Esha is a legend, but no one knows. It’s only in the shadows that she moonlights as the Viper, the rebels’ highly skilled assassin. She’s devoted her life to avenging what she lost in the royal coup, and now she’s been tasked with her most important mission to date: taking down the ruthless General Hotha.
Kunal has been a soldier since childhood, training morning and night to uphold the power of King Vardaan. His uncle, the general, has ensured that Kunal never strays from the path—even as a part of Kunal longs to join the outside world, which has been growing only more volatile.
Then Esha’s and Kunal’s paths cross—and an unimaginable chain of events unfolds. Both the Viper and the soldier think they’re calling the shots, but they’re not the only players moving the pieces. As the bonds that hold their land in order break down and the sins of the past meet the promise of a new future, both rebel and soldier must make unforgivable choices.
The Tiger at Midnight beautifully plays off two sides of duty against each other, in a setting involving magical bonds to the land, a lost royal and a fragile truce. In the kingdoms of Jansa and Dharka, the royals are links to the earth itself, which depends on an annual sacrifice to keep it bountiful. Since the coup of Jansa by a Dharkan prince and the resulting war, the Jansan side of the sacrifice has been lacking, leading to a land that has been plagued with drought and misery. Esha, a Dharkan rebel and a famed assassin under the alias of The Viper, has been tasked with dismantling the current usurper on the Jansan throne, while Kunal is a Jansan soldier who is also the nephew of the general (who participated in the coup). Their paths cross on the night of the ceasefire, and begins a cat-and-mouse chase across the lands.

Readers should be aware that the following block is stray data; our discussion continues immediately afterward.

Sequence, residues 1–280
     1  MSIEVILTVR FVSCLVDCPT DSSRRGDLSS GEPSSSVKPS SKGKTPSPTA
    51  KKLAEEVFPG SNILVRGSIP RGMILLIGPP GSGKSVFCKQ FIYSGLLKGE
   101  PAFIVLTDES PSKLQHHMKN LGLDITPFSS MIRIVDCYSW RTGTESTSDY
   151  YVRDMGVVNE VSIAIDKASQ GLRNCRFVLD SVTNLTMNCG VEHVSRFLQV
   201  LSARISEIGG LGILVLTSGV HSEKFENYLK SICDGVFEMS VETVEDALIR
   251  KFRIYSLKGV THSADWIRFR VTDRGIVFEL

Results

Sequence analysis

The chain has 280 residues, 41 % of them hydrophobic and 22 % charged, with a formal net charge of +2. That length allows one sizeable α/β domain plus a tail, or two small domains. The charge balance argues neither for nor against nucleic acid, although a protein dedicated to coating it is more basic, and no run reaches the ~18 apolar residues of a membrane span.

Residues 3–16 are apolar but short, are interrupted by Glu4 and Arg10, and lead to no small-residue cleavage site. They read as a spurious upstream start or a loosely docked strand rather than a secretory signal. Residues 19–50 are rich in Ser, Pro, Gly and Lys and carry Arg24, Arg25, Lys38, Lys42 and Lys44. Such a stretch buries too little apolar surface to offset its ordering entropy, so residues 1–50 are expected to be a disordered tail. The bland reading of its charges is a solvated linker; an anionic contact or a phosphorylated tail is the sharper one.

The story of this book has a good balance between being character-driven and plot-driven. It is largely about Kunal and Esha reconciling their beliefs on honor and duty, though a major character change happens in the former as he gets to see how much he has been living a lie. Esha’s path is more towards finally accepting to live her life for her own self as well, and not just revenge. Their whole chase/flirtation is one of the highlights of the book, and the chemistry is off the charts! As for the world-building, I didn’t feel like it really had influences from Indian history, aside from the clothes and food, of course, but it still made for a richly detailed world that the characters populate. The reveal at the end was left on a sort of fork-in-the-road kind of cliffhanger, so I am excited to see where the story takes us from there in future books.
Overall, it is a great debut, with delightful chemistry between the protagonists.
Is it diverse? Fantasy Indian (OwnVoices) setting filled with POC characters; has a minor queer character
Received an advance reader copy in exchange for a fair review from Katherine Tegen Books, via Edelweiss.
Releases on April 23, 2019